With the spotlight bright on Volkswagen for cheating in emission tests, the EU's house bank must now come forward and show exactly what it has done to ensure proper oversight over its loans to the company.
Following the revelations around Volkswagen cheating emission tests, Bankwatch requested information from the European Investment Bank about its loans to the car maker. After delays, incomplete disclosure, and a frist confirmatory application, the bank released on December 18, 2015 redacted finance contracts between the EIB and VW as well as redacted completion reports provided by VW to the EIB at the closure of each project. (See all documents here.)
Documents obtained by Bankwatch provide more details for a European Investment Bank statement that its loans to Volkswagen may have been connected to the car makers use of cheating devices to rig emission tests.
Non-government organization CEE Bankwatch is not happy with the amount of information the European Investment Bank has provided regarding its lending to the Volkswagen Group in recent years. Bankwatch wrote to the EIB at the end of September, asking the bank to disclose documents related to the “green loans” it provided to VW, wanting to see loan contracts or evidence that VW used the money according to the conditions of the contract.
Following the revelations around Volkswagen cheating emission tests, Bankwatch requested information from the European Investment Bank about its loans to the car maker. After some delays, the bank released only part of the requested information, despite the profound public interest in the case.
In late September, shortly after news of VW's emissions manipulation broke, CEE Bankwatch Network contacted the European Investment Bank (EIB) with a detailed request to disclose information about its immense support to VW Group. In view of the profound public interest in the case, the highly insufficient responses we have received so far are particularly disconcerting. In this letter, Bankwatch therefore asks the EIB's board of directors to turn to the bank's Management Committee for the public disclosure of information related to EIB loans for the Volkswagen Group.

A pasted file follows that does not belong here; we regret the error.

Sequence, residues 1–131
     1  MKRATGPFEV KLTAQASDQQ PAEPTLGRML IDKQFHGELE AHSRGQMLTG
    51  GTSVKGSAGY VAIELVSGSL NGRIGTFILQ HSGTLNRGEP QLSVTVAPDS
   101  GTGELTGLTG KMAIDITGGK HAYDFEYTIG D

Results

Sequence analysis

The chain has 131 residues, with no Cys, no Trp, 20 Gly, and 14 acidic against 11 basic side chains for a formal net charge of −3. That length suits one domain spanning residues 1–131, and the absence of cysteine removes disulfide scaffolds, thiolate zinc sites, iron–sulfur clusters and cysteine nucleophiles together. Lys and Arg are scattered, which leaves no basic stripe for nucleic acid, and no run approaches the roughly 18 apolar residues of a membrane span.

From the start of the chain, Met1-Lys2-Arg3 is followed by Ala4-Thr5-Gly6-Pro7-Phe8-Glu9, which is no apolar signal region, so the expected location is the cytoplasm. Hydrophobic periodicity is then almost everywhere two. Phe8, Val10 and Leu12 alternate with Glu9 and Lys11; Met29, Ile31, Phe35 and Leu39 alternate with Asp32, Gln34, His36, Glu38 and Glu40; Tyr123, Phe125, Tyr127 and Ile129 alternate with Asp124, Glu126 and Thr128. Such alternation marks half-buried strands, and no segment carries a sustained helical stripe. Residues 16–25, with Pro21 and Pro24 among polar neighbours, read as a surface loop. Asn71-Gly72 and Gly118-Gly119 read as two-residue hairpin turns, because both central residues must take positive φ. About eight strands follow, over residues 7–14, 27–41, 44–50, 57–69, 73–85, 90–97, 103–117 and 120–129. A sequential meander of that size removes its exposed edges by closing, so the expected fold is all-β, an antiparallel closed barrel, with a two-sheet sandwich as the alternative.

The dieselgate scandal is symptomatic of a ‘better regulation’ agenda in favour of cutting compliance costs and replacing the role of the public regulator with corporate co- and self-regulation. More than 35 civil society organisations have signed this letter calling for immediate and transparent investigations; EU oversight in the process of type approval for motor vehicles; strengthened enforcement of environmental legislation at EU and Member State level; the suspension of fraudulent companies from the EU lobby register until it has been demonstrated that they comply with EU law.
The European Investment Bank said Monday it is working to find out if any of its loans to Volkswagen to boost research into cleaner engines and other green technology were instead used to rig cars to cheat on emissions tests.
“We are looking into our exposure, we are looking into seeing where the individual loans have been used,” said Jonathan Taylor, the bank’s vice-president.
The Volkswagen Group received more than €4 billion in loans from the European Investment Bank over the last decade, with much of the money going to research aimed at developing cleaner engines.
The world’s largest carmaker is embroiled in a global scandal after installing so-called defeat devices in 11 million of its diesel cars to cheat on emissions standards tests, a scandal that has cost the CEO his job, opened the company to a potential fine of $18 billion in the U.S., pummelled the stock price, and prompted investigations across Europe.